Over clams and asparagus, the Courage comrades talk about what a great experience this movie was. ‘This was my first big studio movie,” Phillips says at one point, “and to be working with Denzel Washington and Meg Ryan was a treat. No bullshit with them, they’re both so well-prepared and so directed. Plus, this was Denzel’s second movie with Ed (Zwick, who also directed Glory). And I felt like I was with them on their second date, like I got to experience this special time.”

We close the place down around 1:30, and Phillips and I make plans to have breakfast later in the morning. Before they leave, I ask Kelly if she had any advice for Phillips when he took on the role in The King and I.

”Definitely,” she says. “I told him to work hard, do well, but not to try any of that ‘King’ shit at home with me.”

A few hours later, Phillips arrives promptly for our meeting at Barney Greengrass on the upper West Side. I see him walking down the street, and notice that every single person who walks past says hello. In the restaurant, it’s the same thing: the waiters, the other customers, the guy cutting lox behind the counter all smile.

“Is it always like this?” I ask, because, truthfully, I wasn’t aware that Phillips was such a big star.

“Absolutely. There are people who stop me every day, everywhere we go. When Kelly and I are shopping, or outside the theater every night, or on a plane, everyone is very sweet and they tell me how much they like my work.”

“What is it that all these people recognize you from?”

“Oh, I doubt you can watch cable television for a week and not see one of my movies. The Dark WindShadow of the Wolf and Dakota are cable perennials. Plus the Young Gun films, which have a lot of fans. So people see me, and I never try to hide from them or act weird; they see I’m accessible and they respond to that.”

“Talking about Young Guns, Charlie Sheen is a Movieline favorite.”

Phillips shakes his head. “You know, whenever Charlie gives an interview, he just says anything that pops into his head. But, after a while, you gotta wonder if this is a Howard Stern thing, if the guy is just putting you on, because, man, I read Sheen’s interviews and I just can’t believe what he says.”

“Talking about Howard Stern…”

Now Phillips groans. “Do we have to?” he pleads.

“Absolutely,” I say. Phillips knows exactly where I’m going. A couple of years back, he went on Stern’s radio show–which was also broadcast as a two-parter on E! Entertainment Television–to tell his side of the story about the breakup of his first marriage to Julie Cypher. A couple of years after their divorce, it came out that Cypher had left Phillips for rocker Melissa Etheridge. As you can imagine, Stern was merciless.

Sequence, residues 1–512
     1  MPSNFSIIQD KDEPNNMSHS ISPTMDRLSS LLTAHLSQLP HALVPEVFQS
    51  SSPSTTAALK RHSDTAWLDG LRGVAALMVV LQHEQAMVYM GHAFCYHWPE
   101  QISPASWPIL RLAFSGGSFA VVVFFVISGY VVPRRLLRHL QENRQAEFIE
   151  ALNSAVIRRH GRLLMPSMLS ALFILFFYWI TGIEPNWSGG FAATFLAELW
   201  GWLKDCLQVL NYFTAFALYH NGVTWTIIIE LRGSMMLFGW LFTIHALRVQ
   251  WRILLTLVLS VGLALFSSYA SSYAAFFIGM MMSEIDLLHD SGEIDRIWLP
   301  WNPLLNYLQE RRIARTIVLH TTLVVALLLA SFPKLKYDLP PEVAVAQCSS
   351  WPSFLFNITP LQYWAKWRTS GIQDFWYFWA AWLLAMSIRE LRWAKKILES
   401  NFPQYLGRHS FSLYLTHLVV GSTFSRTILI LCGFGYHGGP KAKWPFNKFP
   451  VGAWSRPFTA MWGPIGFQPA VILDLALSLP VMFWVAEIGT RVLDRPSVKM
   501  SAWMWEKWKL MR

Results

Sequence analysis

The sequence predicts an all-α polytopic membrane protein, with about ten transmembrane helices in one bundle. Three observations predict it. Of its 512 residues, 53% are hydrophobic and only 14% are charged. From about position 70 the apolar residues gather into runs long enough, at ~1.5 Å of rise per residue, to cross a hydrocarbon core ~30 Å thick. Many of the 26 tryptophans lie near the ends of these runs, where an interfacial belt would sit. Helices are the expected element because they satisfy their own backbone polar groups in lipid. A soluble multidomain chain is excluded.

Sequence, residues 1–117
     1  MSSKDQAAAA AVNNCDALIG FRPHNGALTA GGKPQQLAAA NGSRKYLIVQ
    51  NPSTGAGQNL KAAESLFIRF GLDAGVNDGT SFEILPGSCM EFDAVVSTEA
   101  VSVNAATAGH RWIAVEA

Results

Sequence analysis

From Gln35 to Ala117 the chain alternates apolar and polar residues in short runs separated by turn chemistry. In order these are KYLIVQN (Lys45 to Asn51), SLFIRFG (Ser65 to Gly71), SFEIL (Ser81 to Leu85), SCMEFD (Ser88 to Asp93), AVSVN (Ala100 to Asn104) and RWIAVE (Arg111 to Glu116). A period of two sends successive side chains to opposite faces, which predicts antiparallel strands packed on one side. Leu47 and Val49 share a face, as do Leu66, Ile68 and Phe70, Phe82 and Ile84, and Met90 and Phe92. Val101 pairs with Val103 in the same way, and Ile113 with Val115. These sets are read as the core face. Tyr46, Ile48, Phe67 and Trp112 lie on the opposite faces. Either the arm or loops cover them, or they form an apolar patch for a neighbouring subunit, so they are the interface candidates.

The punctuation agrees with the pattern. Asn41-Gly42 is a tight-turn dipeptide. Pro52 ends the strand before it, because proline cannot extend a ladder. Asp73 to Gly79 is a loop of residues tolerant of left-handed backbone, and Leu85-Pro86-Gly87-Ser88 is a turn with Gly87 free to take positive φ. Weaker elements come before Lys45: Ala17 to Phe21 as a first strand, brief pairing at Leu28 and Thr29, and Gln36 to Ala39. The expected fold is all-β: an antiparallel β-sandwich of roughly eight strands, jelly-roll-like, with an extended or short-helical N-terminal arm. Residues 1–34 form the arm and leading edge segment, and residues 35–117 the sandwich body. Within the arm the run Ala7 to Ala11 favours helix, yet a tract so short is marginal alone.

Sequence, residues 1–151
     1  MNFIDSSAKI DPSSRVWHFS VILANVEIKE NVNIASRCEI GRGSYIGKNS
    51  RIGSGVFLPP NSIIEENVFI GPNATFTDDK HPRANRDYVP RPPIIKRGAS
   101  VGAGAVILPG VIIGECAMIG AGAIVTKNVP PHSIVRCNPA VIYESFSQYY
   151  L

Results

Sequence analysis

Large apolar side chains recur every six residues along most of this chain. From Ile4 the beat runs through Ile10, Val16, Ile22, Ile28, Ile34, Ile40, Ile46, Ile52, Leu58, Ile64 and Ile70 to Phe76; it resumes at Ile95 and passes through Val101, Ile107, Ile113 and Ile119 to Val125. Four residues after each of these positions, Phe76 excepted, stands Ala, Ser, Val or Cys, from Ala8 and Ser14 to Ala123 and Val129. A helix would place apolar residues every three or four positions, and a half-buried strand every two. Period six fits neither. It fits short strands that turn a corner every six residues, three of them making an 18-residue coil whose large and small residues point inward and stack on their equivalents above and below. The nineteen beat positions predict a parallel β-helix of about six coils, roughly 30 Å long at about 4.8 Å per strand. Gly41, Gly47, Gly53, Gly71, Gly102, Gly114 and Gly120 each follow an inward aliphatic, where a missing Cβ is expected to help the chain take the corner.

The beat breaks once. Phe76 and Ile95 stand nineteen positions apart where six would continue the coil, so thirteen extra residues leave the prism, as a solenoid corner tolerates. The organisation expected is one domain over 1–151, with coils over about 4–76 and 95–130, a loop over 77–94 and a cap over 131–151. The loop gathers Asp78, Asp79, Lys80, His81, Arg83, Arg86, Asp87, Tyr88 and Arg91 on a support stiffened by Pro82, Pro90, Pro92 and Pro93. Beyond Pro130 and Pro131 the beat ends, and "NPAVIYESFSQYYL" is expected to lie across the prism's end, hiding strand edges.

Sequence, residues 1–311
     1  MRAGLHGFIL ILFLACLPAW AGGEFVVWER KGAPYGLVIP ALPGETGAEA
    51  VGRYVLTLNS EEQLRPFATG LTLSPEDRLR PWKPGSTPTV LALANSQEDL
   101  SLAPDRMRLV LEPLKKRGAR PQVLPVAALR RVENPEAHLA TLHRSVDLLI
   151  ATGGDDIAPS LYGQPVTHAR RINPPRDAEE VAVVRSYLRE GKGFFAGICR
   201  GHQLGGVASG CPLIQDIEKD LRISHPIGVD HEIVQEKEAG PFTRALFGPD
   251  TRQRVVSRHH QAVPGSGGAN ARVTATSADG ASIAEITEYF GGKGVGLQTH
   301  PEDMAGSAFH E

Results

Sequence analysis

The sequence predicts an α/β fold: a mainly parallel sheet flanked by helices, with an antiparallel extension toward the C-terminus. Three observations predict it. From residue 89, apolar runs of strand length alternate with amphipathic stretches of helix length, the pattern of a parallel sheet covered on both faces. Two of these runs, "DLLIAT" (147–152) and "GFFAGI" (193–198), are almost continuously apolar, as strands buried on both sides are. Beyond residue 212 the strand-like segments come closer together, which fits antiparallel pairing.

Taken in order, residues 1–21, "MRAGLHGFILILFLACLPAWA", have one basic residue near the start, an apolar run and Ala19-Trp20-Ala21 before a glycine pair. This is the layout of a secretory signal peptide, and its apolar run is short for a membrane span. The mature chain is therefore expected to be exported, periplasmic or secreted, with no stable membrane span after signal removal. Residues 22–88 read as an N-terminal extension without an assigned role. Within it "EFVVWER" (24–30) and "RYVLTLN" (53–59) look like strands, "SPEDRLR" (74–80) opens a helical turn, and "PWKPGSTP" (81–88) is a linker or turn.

“Actually,” Phillips says, “I thought Howard went pretty easy on me. Considering.”

“Easy on you?” I shriek. “I thought I would die when he said, ‘So, Lou, when your wife first went lesbian, were you saying, “Oh man, I must have been bad in bed or something'”?’ What the hell ever made you go on that show?”

“Well, let me put it the right way. When Julie and I split up, I always told interviewers that our marriage ended because Julie needed to find out more about herself. Which I think was true. I knew all about her relationship with Melissa, but it wasn’t my place to say anything; I was very supportive of them and their relationship. Very supportive. We were all friends. Then, years later, Melissa [decided to] come out. And right after that, she and Julie started to do all this press. And in some of those stories, Julie cast aspersions on our marriage. In some articles, she would say how terrific I was, and in others, she would say things that really hurt. I felt she had no right to do that to me, that their coming out was their business, and there was no need to drag me into it. Then Howard Stern called and kept saying, Lou, if you don’t come on here and talk to me. I’m gonna dog ya.’ You know Howard, he loves it when someone’s wife leaves him for a woman.

“You were already married to Kelly by that time. How did she feel about all this?”

“Kelly and I felt like we were under fire, that our names were being brought up in magazine stories that had absolutely nothing to do with us. So I decided to go on with Howard. And Kelly came because she wanted to defend me…”

“To prove that you really are great in bed?” I ask.

Phillips smacks my hand. “No, to show that we were really OK, and that we felt lousy about being brought into their relationship. I didn’t feel the need to air my laundry the way Julie and Melissa did, but they had done it so I needed to respond. I’ll tell you, I’m very grateful to Howard, because he could have been cruel to me and he wasn’t. There were some moments that were uncomfortable, to be sure, but I felt he was really courteous to me.”

“You had the best line on the show, Lou. Howard was raging on and on about how he’d like to watch Julie and Melissa, how that’s every man’s fantasy, and you said you weren’t interested. When Howard pushed you on this, you said, ‘I may be off-white, but I’m very vanilla.’ I’ll bet that most of Howard’s audience didn’t have a clue what you meant, but I thought it was brilliant.”

“Thank you. And now, can we please talk about something else?”

“Sure thing. You said last night that Courage Under Fire was your first big studio film…”